BOSTON (AP) — People from New York City to Maine awakened Saturday to half a foot (15 centimeters) of snow, and forecasters warned that could more than quadruple as a powerful nor’easter kicked up blinding blizzard conditions with high winds and the potential for widespread power outages and coastal flooding.
Parts of 10 states and some major population centers — Philadelphia, New York and Boston — were in the path of the storm, which was expected to rage throughout the day.
Airlines canceled more than 4,500 flights at some of the nation’s busiest airports, according to FlightAware. Amtrak suspended or limited service on the Boston-to-Washington corridor.
In West Hartford, Connecticut, a tractor-trailer jacknifed on snow-slicked Interstate 84, closing several westbound lanes.
Officials from Virginia to Maine warned people to stay off the roads amid potential whiteout conditions. The storm's saving grace: It was hitting on a weekend, with schools closed and few commuters.
Rhode Island, all of which was under a blizzard warning, banned all nonemergency road travel starting at 8 a.m.
“This is serious. We’re ready for this storm, and we also need Rhode Islanders to be ready,” Gov. Dan McKee said. “The best way to handle this storm is to stay home tomorrow.”
Delaware allowed only essential personnel to drive in two of its three counties. Massachusetts, where forecasters said some isolated pockets could get as much as 30 inches (76 centimeters) of snow, banned heavy trucks from interstate highways for most of Saturday.
Shoppers crammed stores Friday to stock up on food, generators and snowblowers ahead of the nor'easter, a type of storm so named because its winds typically blow from the northeast as it churns up the East Coast.
Many hardy New Englanders took the storm in stride.
Dave McGillivray, race director for the Boston Marathon, jokingly invited the public to his suburban Boston home on Saturday for a free snow shoveling clinic.
“I will provide the driveway and multiple walkways to ensure your training is conducted in the most lifelike situation,” he said.
Marc Rudkowski, 28, bought French bread and wine Friday at the Star Market in Cambridge, Massachusetts, along with balloons and toys for his dog, who turned 1 on Friday.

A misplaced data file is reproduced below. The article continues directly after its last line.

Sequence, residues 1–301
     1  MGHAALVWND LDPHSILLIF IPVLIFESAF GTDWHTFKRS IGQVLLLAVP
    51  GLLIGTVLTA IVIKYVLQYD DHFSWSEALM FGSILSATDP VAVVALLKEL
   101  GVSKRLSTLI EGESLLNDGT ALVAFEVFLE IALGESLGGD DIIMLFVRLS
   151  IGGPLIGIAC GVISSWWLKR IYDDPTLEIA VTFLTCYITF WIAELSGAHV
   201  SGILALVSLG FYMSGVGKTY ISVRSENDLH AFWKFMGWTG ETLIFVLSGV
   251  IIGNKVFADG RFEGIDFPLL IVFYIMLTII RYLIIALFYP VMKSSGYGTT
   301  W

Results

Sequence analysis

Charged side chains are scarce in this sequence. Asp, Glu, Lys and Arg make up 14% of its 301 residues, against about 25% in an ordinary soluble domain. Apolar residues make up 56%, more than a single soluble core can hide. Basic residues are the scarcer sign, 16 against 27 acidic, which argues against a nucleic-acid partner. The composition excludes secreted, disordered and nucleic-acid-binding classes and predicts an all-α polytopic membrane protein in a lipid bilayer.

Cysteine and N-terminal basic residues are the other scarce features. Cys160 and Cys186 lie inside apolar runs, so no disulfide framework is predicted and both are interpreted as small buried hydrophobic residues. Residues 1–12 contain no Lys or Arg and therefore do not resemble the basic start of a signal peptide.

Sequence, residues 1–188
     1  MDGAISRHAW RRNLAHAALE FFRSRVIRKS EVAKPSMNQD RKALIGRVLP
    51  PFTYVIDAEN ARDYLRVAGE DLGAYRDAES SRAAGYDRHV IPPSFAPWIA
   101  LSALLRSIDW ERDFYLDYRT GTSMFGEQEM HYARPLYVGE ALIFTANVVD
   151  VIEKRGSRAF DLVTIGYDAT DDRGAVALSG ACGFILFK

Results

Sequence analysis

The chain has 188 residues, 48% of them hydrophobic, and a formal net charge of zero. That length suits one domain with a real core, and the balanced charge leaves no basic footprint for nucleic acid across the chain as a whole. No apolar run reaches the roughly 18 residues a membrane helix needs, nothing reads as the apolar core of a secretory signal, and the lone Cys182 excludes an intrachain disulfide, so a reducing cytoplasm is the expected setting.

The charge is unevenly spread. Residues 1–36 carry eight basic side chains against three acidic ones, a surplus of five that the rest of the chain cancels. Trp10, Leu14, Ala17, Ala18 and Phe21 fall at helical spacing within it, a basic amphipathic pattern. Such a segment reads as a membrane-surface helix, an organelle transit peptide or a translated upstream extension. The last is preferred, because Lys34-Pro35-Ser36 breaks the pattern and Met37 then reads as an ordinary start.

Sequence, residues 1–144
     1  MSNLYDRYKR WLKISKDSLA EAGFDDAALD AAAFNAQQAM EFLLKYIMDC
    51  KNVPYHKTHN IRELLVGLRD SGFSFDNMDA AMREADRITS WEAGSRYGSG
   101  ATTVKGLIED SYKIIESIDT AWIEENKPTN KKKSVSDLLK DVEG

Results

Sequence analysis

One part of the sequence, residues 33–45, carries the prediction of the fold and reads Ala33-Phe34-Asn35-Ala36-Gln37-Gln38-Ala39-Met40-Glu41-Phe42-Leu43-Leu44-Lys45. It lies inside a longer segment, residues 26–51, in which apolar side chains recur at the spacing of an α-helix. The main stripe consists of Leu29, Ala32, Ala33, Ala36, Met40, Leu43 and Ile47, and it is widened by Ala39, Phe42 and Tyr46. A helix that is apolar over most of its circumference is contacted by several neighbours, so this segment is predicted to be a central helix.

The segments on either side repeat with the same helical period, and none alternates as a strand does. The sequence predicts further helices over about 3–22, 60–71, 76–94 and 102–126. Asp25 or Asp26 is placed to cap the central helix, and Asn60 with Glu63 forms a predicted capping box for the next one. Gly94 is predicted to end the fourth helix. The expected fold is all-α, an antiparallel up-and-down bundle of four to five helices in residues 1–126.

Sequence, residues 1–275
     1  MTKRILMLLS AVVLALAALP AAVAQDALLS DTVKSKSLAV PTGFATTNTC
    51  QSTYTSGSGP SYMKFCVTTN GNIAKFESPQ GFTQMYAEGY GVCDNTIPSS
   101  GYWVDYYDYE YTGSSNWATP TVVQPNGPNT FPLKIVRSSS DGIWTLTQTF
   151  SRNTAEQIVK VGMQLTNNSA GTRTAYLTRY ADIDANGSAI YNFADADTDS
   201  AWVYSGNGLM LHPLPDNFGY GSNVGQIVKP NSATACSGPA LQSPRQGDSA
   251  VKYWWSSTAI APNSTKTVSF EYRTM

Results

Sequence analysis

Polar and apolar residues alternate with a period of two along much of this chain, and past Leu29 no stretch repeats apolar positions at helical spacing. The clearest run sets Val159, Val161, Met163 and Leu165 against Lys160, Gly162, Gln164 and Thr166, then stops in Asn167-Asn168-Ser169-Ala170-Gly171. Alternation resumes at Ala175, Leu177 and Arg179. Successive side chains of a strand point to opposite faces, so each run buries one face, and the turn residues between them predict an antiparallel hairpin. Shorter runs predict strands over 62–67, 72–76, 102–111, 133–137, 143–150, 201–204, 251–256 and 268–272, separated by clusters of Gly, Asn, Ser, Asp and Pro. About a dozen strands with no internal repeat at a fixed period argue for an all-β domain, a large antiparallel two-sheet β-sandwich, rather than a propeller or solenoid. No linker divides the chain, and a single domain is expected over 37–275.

“He’s going to love it," Rudkowski said. “He’s a snow dog.”
But there were some concerns about hoarding amid ongoing supply chain issues caused by the pandemic. New England supermarket giant Stop & Shop pleaded with customers to practice restraint.
“We ask shoppers to buy what they need and save some for their neighbors,” the chain said in a statement.
Parts of 10 states were under blizzard warnings: Maine, New Hampshire, Massachusetts, Rhode Island, Connecticut, New York, New Jersey, Delaware, Maryland and Virginia. Areas closest to the coast were expected to bear the brunt of the storm, which could bring wind gusts as high as 70 mph (113 kph) in New England.
Coastal New Jersey was forecast to get as much as 18 inches (46 centimeters) of snow and eastern Long Island up to 17 inches (43 centimeters). Philadelphia, New York City, and parts of the Delmarva Peninsula in Delaware, Maryland and Virginia could get 10 inches (25 centimeters) or more.
Virginia, where a blizzard this month stranded hundreds of motorists for hours on Interstate 95, did not hesitate to get resources at the ready. In Maryland, the governor mobilized the National Guard.
Washington and Baltimore were spared the worst of the storm.
Snow could fall as fast as 5 inches (nearly 13 centimeters) per hour in spots, including Connecticut, where officials worried about having enough snowplow drivers amid shortages caused by the coronavirus pandemic and other issues.
The worst of the storm was expected to blow by Sunday morning into Canada, where several provinces were under warnings.
One saving grace, at least in parts of Massachusetts: The snow should fall light and flaky because it is coming with cold weather that dries it out, said Judah Cohen, a winter storm expert for the commercial firm Atmospheric Environmental Research.
That means lousy snowballs — and snow that's less capable of snapping tree branches and tearing down power lines.
Contributing to this report were Associated Press writers Jeff McMillan in Scranton, Pennsylvania; Steve LeBlanc in Cambridge, Massachusetts; William J. Kole in Warwick, Rhode Island; David Klepper in Providence, Rhode Island; and Sarah Brumfield in Washington.